Rainbow Trout, February 2012, Fish of the Month!
Bow, Rainbow, Coast Angel trout, Hardhead
In streams, 10 to 18 inches
In Lakes, 16 to 24 inches
0.5 to 8 pounds
Distinguishing Field Marks:
Color and color pattern are reliable distinguishing field marks for this species. (See the illustrations.)
Rainbow trout vary extremely widely, especially in color. (see illustrations)
The sides, back, tail, adipose, and dorsal fins are (usually) lightly or heavily marked by small black spots.
The adipose fin can be diagnositc, in that it typically has a black outline on its trailig edge.
The caudal peduncle is thick, making it difficult to lift a lagre Rainbow trout by the base of its tail.
There are 8 to 12 principle rays in the anal fin.
The tail fin is slightly forked, with rounded lobes.
North American Range:
Map to the right shows approximate range in North America.
In streams, Rainbow trout fry feed on small planktonic organisms that drift to them on the stream's current. As parr, they feed mainly on immature aquatic insects and a broad range of other invertebrates, as available. Adult Rainbows are, like all trout, opportunistic and take whatever foods are available, relying heavily on aquatic insects for the bulk of their fare. It is, however, common knowledge that large arctic Rainbow trout are very happy to eat mice that have stumbled into the water.
Lake-dwelling Rainbow trout feed on insects, crustacens, and small fish.
Fly Fishing for Rainbow Trout:
Rainbow trout have been very widely distributed throughout temperate regions of the world. The accompanying range map reflects this trout's broad North American range. Anglers can narrow the field of Rainbow trout fishing possibilities by looking for them in their preferred habitats. In streams and rivers, these fish will be found mainly in faster, well oxygenated sections of streams and rivers. That said, though, they also inhabit medium and large lakes where they provide excellent still-water fly fishing opportuinites, both from shore and small water-craft. The next focusing factor for Rainbow trout fly-fishers are watershed-specific food sources. Generally speaking, stream-dwelling Rainbows will respond well to flies immitating or suggesting indiginous aquatic and terrestrial insects, although streamers are also very productive, especially in high water flows. To here inclusively list those flies most likely to entice Rainbows into taking would be to leaf through all the pages of any good North American fly pattern reference book. So, for the sake of expediency, we'll refer you to local fly shops, guides, and outfitters for that information. Studying the waters where you fish for Rainbows, with an eye to the whole system and its inhabitants, will prove to be the most reliable personal knowledge base.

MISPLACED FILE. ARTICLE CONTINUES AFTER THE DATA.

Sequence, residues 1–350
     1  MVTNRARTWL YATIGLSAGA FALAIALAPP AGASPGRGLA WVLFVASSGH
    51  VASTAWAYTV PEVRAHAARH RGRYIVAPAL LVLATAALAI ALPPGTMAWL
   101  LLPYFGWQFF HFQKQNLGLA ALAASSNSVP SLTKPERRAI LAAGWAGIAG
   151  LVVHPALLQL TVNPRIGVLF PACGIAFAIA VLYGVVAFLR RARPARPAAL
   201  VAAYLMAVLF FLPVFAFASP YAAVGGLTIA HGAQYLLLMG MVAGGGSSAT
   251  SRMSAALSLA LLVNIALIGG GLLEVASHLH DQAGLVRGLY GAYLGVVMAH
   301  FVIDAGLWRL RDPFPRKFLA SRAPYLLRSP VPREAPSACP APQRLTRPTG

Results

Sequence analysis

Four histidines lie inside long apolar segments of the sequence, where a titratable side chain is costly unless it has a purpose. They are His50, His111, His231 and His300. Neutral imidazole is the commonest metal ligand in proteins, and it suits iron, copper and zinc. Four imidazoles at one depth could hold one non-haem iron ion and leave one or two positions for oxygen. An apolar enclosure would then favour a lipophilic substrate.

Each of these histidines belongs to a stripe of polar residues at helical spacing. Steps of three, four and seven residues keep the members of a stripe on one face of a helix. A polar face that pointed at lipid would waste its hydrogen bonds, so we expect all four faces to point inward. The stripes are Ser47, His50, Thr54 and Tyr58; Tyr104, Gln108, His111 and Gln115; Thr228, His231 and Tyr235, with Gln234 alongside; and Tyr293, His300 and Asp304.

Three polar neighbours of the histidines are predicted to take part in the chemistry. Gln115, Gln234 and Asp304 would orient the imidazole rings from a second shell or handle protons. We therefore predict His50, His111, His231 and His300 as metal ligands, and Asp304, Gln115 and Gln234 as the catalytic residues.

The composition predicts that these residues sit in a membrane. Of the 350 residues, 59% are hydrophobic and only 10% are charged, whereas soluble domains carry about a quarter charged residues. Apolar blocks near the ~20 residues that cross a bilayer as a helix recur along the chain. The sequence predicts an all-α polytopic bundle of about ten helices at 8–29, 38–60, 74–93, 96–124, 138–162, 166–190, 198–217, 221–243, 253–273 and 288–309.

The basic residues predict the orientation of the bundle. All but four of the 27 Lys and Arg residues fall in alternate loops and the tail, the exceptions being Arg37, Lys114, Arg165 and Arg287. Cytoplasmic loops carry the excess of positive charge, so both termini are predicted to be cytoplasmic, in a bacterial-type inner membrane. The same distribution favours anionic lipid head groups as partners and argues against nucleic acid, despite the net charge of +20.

Equipment? Well, again, because of this trout's extremely wide distribution and habitat preferences, all but the heaviest fly fishing equipment may be appropriate. Your favorite fly tackle, especially in terms of water types where you use it, will be your best guide to what outfit to carry. Small streams holding small trout will be most comfortably covered with 7 ½ to 9 foot rods in the 3 to 6 weight classes. For this work, the simplest reels will serve well. In larger rivers, where you'll be throwing wets, streamers, and big dry flies you'll want 9 to 10 ½ foot rods carrying 6 to 8 weight lines. At this level, reels with strong, smooth drags and sufficient backing capacity can be important. This same gear is appropriate for Rainbows in lakes as well except that when fishing from a float-tube rods should be a minimum of 10 feet long, this to keep the line, during casting, as high above the water as possible. These longer rods for this specific use are usually designed to carry 3 to 6 weight lines.
Rainbow trout have been so widely distributed as they have, in part, because they are excellent game fish. They are active and willing to take all manner of anglers' presentations. When hooked, they are strong fighters that will often punctuate powerful runs with acrobatic jumps.
As has been suggested in previous articles in this series, Anders Halverson's An Entirely Synthetic Fish is a most interesting read, focusing its research on the global spread of this species and the effects of those introductions on the watersheds where they have succeeded.
Does February's monthly entry seems a bit vague? That is the result of the fact that an entire book devoted to all aspects of the life and times of this species could be written and illustrated.
Written by Peter Thompson
Peter, or "Trout" Thompson to his friends, simply refers to himself as an 'educator,' concentrating primarily on environmental and ecological issues. But he is an outstanding illustrator, excellent writer and fly fisherman "par excellence!" His artwork is in the permanent collections at the New York State Department of Environmental Conservation Salmon River Hatchery in Altmar, New Yorkj; in The New England Aquarium in Boston, Massachusetts; in the Norwalk Maritime Center in Norwalk, Connecticut; and in the Wells Reserve National Estuarine Research Center in Wells, Maine. Personally, I'm hoping to make some of his artwork part of my 'personal' permanent collection as well.
Oh . . . and he can tie one mean fly, too!!!
We'll be posting scans of his artwork on our Salmon and Steelhead Fly Recipe pages and they are made available. In the meantime, you can browse a few of his artworks below (prices are marked if they're for sale).
Email firstname.lastname@example.org if interested in purchasing his artworks or books.